Why Volunteer for Clinical Trials at JBR Clinical Research?

Feb 27, 2014Clinical Trial

What is a Clinical Trial?

“Clinical trial” is the scientific term for a test or study of a drug or medical device in people. These tests are done to see if the product is safe and effective for people to use. Doctors and other health professionals run the tests according to strict rules set by the Food and Drug Administration (FDA). FDA sets the rules to make sure that people who agree to be in the studies are treated as safely as possible.

Why Volunteer?

By volunteering in a clinical trial, you can try a new treatment that may or may not be better than those that already exist. You can also help others better understand how the treatment works in people of different races and genders.

Why Should Minorities and Women Participate in Clinical Trials?

In the past, most drug testing had been done on white males. This means that some groups, such as African Americans, Hispanics/Latinos, American Indians, Asians, Pacific Islanders and women, had not always been included in clinical trials. Because drugs may work differently in these groups than on white males, greater diversity in clinical trial volunteers results in more meaningful study results.

What Happens in a Clinical Trial?

Clinical trials are done to test whether new products are safe and work against disease. Study products are tested to see how they compare to standard treatments or to no treatment if there is not presently one.

Many clinical trials require that neither the patient nor the doctor know whether the patient is receiving the study treatment, the standard treatment, or a placebo (an inactive substance that looks like the drug being tested). In other words, some people may be getting no treatment at all.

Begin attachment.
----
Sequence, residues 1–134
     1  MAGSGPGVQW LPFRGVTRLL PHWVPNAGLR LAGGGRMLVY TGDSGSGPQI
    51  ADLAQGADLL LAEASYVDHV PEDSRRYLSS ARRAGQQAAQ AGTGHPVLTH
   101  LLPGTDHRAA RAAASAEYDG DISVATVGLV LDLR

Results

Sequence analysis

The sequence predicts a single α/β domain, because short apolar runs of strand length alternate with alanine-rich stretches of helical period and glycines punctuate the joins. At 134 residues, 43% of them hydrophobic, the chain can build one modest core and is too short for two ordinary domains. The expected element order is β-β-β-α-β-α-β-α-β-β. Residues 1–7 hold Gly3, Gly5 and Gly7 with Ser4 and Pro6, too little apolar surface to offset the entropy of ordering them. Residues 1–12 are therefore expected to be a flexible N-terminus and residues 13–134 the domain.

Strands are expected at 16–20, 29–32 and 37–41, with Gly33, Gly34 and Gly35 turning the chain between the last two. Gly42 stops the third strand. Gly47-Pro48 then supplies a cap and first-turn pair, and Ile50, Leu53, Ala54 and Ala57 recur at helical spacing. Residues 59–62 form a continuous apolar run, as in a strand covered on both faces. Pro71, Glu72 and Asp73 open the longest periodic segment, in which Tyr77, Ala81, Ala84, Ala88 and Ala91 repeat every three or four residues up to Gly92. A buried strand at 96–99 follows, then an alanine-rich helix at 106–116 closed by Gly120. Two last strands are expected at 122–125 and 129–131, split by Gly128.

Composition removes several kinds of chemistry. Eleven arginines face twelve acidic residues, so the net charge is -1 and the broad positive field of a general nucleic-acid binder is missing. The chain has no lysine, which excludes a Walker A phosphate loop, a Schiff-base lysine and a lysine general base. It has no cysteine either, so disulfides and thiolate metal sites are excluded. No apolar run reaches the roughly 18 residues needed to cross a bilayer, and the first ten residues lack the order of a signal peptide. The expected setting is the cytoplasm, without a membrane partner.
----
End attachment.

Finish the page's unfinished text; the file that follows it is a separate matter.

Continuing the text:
What Questions Should I Ask?

As a potential volunteer, here are some questions to ask your doctor to help you decide if you want to take part in a clinical trial:

  • What is the clinical trial trying to find out?
  • How often are volunteers required to go to the doctor or clinic?
  • Will volunteers be hospitalized? If so, how often and for how long?
  • What are the costs for volunteers?
  • What follow-up will there be?
  • What will happen at the end of the clinical trial?
  • How long will the clinical trial last?

How Can I Volunteer for Clinical Trials?

One good way to find out if there are any treatments in clinical trials that might help you is to ask your doctor. You may also call in and talk to a JBR Clinical Research representative.  We can help answer your questions about current clinical trial opportunities in Utah.  Please call JBR Clinical Research at 801-261-2000.

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